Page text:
At Home He's a Tourist

He fills his head with culture/ He gives himself an ulcer.

Saturday, January 25, 2003

"One advantage to being an introvert is that people will feel free to share juicy gossip with you and not have to worry that you'll blab." I don't actually know if that's true or not, but such is the thought that occurred to me on Thursday night when coworker A--who, after all, has only known me a few weeks--let me in on a top-secret scandal regarding mutual acquaintance B. Learning this bit of information also reinforced two other beliefs which, although obviously true, I seem to keep forgetting. First, that envy, besides being a failure of caritas, is also often a symptom of ignorance. For various reasons I was jealous of B, but now that I know how costly this incident could prove to be I don't envy him at all. Second, B's piety forces on me once again the realization that religiosity is an unreliable guarantor of virtue--a lesson that thirteen years in religious schools should have taught me by now.

I should keep in mind, though, that I'm only getting one side of the story.

Something is fishy here. That picture is too good to be true; and then there are out of place references to Seattle, Ikea, and sushi. It seems like a set up for one of those Russian mail-order bride scams.

Thursday, January 23, 2003

Spent today working through the religion department's latest set of requests, which, if I were to purchase all of them, would put their budget about $2,500 in the red. My supervisor said, "They'd spend the library's entire budget if we let them." It is obvious that as soon as they get their hands on a catalog from Eerdman's, Baker, Fortress, etc., they casually circle everything that looks mildly interesting; oftentimes we already have the item on the shelf or on order. This is why we need to give collection development librarians power! The sad irony is that I have plenty of money to spend on subjects I'm not interested in (business, education, science).

Here's an interesting bibliographic problem. One of the requests was for a two CD-ROM set called "Voyage Through the Bible," produced in 1996. The item was listed in the Insight Media catalog with a brief description of its contents. Checking our OPAC, I noticed that we had a 2 CD-ROM set called "Charlton Heston's Voyage Through the Bible," also produced in 1996. I got the item and found that the description on the package sounded similar to the blurb in the Insight Media catalog. However, I can't be sure. Our item was produced by Jones Digital Century; the Insight catalog doesn't say who produced their item, nor does it give anything like an ISBN number. About $250 hinges on this problem. I tried WorldCat but only found the same item we already have. I emailed Insight but haven't received a response. Perhaps one of the listservs I subscribe to can help.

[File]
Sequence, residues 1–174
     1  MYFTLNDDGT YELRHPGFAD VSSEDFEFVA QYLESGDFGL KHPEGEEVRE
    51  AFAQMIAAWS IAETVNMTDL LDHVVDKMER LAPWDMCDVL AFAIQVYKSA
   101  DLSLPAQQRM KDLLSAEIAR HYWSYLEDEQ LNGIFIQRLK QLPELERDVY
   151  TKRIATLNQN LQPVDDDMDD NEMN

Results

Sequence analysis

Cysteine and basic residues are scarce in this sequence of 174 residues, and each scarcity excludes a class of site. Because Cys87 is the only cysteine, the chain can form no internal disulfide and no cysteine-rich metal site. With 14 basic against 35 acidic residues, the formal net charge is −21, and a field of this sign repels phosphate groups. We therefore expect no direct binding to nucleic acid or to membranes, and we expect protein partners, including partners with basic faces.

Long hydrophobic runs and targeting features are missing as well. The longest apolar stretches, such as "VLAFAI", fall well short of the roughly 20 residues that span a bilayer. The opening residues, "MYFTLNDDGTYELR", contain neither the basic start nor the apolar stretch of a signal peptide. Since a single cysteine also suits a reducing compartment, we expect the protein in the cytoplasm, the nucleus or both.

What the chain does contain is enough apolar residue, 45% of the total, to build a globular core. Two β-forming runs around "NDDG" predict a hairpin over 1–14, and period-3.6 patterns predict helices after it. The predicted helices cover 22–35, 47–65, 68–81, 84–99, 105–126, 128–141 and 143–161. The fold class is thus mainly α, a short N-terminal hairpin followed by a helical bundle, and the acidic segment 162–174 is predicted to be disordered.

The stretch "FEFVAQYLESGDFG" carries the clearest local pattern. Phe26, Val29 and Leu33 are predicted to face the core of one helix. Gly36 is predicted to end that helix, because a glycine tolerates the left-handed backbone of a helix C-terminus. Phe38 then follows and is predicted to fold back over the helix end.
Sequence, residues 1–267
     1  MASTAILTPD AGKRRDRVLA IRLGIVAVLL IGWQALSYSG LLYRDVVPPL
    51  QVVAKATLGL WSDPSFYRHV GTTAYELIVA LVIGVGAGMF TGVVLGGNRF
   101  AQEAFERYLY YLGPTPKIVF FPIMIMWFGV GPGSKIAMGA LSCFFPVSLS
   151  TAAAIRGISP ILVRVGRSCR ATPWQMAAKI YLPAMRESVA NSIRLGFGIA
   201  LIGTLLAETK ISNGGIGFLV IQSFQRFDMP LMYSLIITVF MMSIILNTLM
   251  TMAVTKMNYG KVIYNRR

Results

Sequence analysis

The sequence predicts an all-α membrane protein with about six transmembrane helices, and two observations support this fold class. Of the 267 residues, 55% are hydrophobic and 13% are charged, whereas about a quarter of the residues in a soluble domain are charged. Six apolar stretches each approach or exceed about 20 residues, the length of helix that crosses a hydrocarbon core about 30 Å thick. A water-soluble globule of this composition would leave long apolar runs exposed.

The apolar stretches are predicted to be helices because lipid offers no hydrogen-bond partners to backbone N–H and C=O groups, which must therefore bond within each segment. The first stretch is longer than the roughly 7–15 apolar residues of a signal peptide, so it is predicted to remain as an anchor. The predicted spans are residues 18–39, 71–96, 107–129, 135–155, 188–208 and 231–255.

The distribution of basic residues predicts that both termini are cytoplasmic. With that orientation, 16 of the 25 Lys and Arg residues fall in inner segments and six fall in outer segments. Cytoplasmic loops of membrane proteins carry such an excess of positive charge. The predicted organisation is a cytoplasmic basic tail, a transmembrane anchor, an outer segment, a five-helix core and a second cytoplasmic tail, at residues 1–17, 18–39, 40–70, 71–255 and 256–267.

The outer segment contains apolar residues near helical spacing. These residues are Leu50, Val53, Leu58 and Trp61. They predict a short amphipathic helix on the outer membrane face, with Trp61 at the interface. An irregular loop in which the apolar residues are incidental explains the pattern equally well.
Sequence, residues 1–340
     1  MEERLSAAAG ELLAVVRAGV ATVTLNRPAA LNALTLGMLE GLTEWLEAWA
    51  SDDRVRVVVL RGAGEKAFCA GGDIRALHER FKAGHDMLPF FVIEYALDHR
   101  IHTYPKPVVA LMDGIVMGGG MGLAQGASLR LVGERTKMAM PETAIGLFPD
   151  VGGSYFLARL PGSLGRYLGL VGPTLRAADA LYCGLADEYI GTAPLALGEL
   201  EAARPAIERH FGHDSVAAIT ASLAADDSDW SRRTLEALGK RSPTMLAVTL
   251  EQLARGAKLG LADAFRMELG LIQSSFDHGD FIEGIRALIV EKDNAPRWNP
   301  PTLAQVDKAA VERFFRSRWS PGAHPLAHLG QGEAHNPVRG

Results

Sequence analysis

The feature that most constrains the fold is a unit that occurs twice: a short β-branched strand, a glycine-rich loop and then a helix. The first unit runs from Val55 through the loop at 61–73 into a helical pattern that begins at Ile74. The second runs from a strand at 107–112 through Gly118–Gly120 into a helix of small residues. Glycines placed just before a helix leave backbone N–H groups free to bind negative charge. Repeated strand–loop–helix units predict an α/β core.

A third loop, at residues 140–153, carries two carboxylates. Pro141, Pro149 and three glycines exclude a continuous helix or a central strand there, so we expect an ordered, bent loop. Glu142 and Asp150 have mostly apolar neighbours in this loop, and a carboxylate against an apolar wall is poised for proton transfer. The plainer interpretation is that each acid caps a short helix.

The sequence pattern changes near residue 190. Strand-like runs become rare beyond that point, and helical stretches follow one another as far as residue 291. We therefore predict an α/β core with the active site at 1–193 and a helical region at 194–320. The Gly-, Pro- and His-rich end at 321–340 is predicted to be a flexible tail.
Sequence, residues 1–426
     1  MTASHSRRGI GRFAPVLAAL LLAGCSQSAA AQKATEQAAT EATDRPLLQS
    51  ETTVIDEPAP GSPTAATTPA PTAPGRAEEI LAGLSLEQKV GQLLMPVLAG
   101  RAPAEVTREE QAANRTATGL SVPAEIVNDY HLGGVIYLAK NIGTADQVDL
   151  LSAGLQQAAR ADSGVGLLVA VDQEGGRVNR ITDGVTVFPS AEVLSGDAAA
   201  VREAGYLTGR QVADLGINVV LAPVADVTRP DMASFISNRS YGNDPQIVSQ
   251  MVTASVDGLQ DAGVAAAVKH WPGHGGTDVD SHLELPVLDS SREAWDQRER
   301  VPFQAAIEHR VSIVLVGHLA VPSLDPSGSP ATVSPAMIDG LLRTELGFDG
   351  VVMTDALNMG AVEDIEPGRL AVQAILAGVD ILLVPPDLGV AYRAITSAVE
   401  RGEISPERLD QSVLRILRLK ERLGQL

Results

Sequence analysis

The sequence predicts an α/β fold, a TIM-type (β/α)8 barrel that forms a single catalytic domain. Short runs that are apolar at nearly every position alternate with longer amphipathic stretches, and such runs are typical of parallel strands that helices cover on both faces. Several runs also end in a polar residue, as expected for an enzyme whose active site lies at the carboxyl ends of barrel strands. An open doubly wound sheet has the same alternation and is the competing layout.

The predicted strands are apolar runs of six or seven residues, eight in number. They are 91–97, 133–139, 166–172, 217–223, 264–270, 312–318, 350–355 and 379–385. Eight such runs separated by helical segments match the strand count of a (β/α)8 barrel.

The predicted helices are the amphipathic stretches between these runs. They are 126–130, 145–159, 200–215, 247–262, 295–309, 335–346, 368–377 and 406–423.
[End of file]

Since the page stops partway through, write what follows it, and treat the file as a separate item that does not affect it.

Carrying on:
The latest Netflix movie I saw was another French import, Harry, un ami qui vous veut bien. Although it's about a psychopathic murderer, it was very low-key; I guess the French don't like American gaucheries like suspenseful soundtracks or the expression of emotion. But it was a good diversion. I just finished a terrific book of film essays by Larry McMurtry and so I decided to rent The Last Picture Show, which, besides the McMurtry connection, is also apropos because it portrays life in small-town Texas.

I was talking church with a psychology professor and he said he had heard that one or more of the Catholic parishes in town have an open communion policy. That's something to think about, at least.

Wednesday, January 22, 2003